new_life

What Mars might look like after centuries of terraformation. Image: NASA

Mars: barren, inhospitable and dead. This is how most of us recognize the red planet, yet eons ago our neighboring planet wasn’t just another speck of rock in the infinite of space. We now know for certain that Mars once harbored a thick atmosphere, flowing rivers and quite possibly life. In most respects, many millions of years ago, Mars used to be very similar to Earth. If it was once in a state where it could foster life, then, theoretically at least, this state can be reversed. Enter the fascinating world of Terraforming.

Breathing new life into a barren rock

Mars terraformation

Animated gif: NASA

Terraforming is the process of transforming a hostile environment into one suitable for human life. While the idea has been introduced in many SciFi books or movies, some scientists take terraforming extremely serious. The world famous science communicator, Carl Sagan, once said that he sees an immense potential for science in the search for life on Mars. If life was indeed once present on Mars (it might still be today, though highly unlikely near the surface), then scientists might be able to gather key insights and clues that could explain how the planet become so cold and lifeless as we know it today. Armed with this knowledge, there are (herculean) practical solutions that can be applied in a reverse step process to revert the planet back to life.

[ALSO READ] Flowing water found on Mars

Sadly, Sagan never lived to see the rover missions land on Mars: Spirit, Opportunity and the much famed Curiosity. The latter is the biggest and most advanced rover to land on Mars, tasked with the primary mission of identifying signs of ancient Martian life. So far, it’s doing a pretty job having discovered new sings of water and even organic molecules.

If we do get it right, how would a Mars Terraforming scenario look like? Well, according to Christopher McKay of NASA’s Ames Research Center at this point the likeliest course of action would be to release immense amounts of chlorofluorocarbons into the Martian atmosphere. CFCs or Freon, as they’re also called, have been widely used as refrigerants, propellants (in aerosol applications), and solvents until they were found to cause massive damage to the ozone layer in the upper atmosphere, and consequently were banned. (surprise, surprise! someone’s still using them).

At the same time, CFCs are the most potent greenhouse gases, molecule for molecule. One type of CFC, CFC-12 or “Freon-12” as it is known by its trade name, is 17,700 times more potent than carbon dioxide. A huge payload of CFCs, derived from soil and air and manufactured in factories which would suck up the power equivalent of a large nuclear power plant, would be delivered to Mars and released into the atmosphere. At this point, the CFCs will trap more heat from the sun to the point where surface temperatures would rise by some 4 degrees Celsius. This should be enough to spark a climatic chain reaction. The increasing surface temperatures would vaporize some of the carbon dioxide trapped in the south polar cap, which would end up in the atmosphere and further cause more heating. Scientists estimate this would produce an average temperature rise of 70 degrees Celsius, enough to melt the ice and provide liquid water needed to sustain life. The added liquid water would raise atmospheric pressure to the equivalent of that found in the highest mountaintops on Earth. Far from being survivable, it would be enough to start growing plants and trees that would thrive on CO2 and produce oxygen.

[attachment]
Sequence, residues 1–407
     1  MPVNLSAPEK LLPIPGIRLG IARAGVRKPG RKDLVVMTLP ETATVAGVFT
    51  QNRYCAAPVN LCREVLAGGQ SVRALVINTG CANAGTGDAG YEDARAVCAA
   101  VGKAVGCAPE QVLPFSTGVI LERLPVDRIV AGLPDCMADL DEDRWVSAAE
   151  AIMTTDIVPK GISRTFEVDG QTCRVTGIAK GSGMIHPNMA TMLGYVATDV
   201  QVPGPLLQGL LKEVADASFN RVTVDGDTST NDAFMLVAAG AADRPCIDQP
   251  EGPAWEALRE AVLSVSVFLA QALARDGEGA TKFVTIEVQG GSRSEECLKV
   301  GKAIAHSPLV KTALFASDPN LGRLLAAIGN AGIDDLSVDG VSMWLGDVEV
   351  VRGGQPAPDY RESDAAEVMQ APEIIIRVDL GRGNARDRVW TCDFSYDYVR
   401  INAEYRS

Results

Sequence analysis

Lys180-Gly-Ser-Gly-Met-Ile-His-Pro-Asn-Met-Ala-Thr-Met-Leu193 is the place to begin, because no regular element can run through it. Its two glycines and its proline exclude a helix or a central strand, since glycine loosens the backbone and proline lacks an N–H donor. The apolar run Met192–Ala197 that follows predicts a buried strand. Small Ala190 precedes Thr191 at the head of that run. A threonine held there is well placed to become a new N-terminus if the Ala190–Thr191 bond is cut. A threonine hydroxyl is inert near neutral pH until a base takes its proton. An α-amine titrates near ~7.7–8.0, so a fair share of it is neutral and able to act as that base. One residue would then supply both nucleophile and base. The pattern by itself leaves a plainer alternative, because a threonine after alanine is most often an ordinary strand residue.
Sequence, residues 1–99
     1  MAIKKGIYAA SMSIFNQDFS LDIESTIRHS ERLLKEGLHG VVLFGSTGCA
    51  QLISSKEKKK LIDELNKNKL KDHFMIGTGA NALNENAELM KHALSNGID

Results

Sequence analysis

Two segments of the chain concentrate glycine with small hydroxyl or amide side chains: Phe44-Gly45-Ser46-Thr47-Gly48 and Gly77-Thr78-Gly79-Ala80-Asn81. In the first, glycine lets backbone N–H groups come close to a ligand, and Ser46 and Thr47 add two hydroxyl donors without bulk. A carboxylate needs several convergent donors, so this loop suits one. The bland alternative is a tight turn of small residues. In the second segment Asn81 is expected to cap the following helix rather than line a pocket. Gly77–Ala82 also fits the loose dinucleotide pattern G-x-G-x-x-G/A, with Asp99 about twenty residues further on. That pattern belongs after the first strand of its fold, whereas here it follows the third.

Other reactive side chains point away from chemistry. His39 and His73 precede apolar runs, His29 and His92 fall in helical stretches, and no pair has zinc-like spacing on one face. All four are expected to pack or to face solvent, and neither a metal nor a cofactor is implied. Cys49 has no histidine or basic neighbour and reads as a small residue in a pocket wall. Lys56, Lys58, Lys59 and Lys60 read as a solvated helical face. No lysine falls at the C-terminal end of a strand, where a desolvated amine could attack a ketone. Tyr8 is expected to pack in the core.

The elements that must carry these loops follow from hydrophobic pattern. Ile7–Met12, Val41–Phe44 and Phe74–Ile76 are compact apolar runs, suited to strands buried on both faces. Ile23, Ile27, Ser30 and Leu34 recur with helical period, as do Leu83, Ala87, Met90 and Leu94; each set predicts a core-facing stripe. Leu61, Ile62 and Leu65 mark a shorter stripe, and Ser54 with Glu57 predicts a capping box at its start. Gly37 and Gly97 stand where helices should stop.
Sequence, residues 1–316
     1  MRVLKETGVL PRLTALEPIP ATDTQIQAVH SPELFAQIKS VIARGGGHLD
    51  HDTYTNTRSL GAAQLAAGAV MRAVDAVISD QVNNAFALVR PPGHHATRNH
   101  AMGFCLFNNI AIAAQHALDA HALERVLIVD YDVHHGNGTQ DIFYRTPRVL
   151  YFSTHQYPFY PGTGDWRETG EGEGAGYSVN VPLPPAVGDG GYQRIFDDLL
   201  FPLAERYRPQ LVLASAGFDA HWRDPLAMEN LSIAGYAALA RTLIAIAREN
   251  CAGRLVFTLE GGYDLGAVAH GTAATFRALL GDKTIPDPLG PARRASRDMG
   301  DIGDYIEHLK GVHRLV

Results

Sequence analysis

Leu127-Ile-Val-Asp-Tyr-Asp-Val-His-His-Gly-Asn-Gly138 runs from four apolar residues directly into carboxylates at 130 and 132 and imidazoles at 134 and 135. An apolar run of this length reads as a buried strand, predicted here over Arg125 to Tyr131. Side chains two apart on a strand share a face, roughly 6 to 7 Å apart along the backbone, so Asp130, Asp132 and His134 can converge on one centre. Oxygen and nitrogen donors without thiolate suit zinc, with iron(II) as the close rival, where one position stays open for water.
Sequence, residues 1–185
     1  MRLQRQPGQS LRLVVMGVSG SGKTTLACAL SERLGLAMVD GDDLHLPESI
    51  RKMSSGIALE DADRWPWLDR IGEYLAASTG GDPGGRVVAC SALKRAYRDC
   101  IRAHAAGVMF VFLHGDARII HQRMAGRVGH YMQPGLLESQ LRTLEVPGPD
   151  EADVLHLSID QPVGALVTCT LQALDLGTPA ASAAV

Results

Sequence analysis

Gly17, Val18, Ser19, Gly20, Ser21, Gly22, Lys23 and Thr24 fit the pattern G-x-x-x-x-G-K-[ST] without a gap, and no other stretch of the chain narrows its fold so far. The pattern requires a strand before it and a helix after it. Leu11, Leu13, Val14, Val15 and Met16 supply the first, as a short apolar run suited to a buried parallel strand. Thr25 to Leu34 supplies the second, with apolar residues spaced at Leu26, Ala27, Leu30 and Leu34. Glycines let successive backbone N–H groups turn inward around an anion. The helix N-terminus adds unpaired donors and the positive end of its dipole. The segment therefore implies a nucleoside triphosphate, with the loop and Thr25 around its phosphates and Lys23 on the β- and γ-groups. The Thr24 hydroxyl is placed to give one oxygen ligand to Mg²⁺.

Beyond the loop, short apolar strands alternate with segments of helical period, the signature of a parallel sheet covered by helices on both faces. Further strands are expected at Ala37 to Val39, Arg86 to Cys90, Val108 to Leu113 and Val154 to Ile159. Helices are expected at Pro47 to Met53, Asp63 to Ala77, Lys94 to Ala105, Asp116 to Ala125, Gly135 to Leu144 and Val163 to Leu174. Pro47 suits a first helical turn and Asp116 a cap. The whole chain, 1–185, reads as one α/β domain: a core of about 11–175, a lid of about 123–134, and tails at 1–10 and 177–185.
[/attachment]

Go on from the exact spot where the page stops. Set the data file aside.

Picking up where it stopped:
Is terraforming Mars a good idea?

Even so, producing an oxygen-rich atmosphere is just the tip of the iceberg. Scientists would still have to find a way to address the myriad of other problems like:  no magnetic field to shield from radiation and sputtering of the atmosphere; no plate tectonics to recycle carbon and water and rebuild eroded land; No large moon to stabilize the axial tilt and provide tides; much more elliptical orbit, which means much more erratic climate; much higher rate of impacts due to proximity of Jupiter and the asteroid belt; gravity only .38 that of Earth; No mountain chains to break up atmospheric currents and release precipitation; surface covered in toxic perchlorates and asymmetry between hemispheres means all land on one side and all ocean on the other.

The whole process, however, is long and tedious requiring at least a couple hundred years. It’s not like flicking a switch – immense amounts of resources, energy and most likely human lives would have to be sacrificed. So, why would humans want to terraform a planet millions of miles away in the first place? Personally, I believe Mars is the next obvious step for man. If humans are to ever become more than just a mono-planetary species, hopefully an interstellar one, then we need to move our Earthling butts out of here.

Of course, there’s another important concern that needs to be addressed. As we stand today, humans aren’t doing too good a job of taking care of their own planet. A Mars terraforming mission, however, couldn’t start earlier than a couple of decade into the future, maybe even a century. By then, we should have either already blew any chance at living in this planet in peace and prosperity, thus deserving to become extinct, or the world could have made a leap in consciousness. Even so, attempts to produce global warming on Mars will teach scientists to produce the reverse back here on Earth to make up for damage in pollution and deforestation.

 

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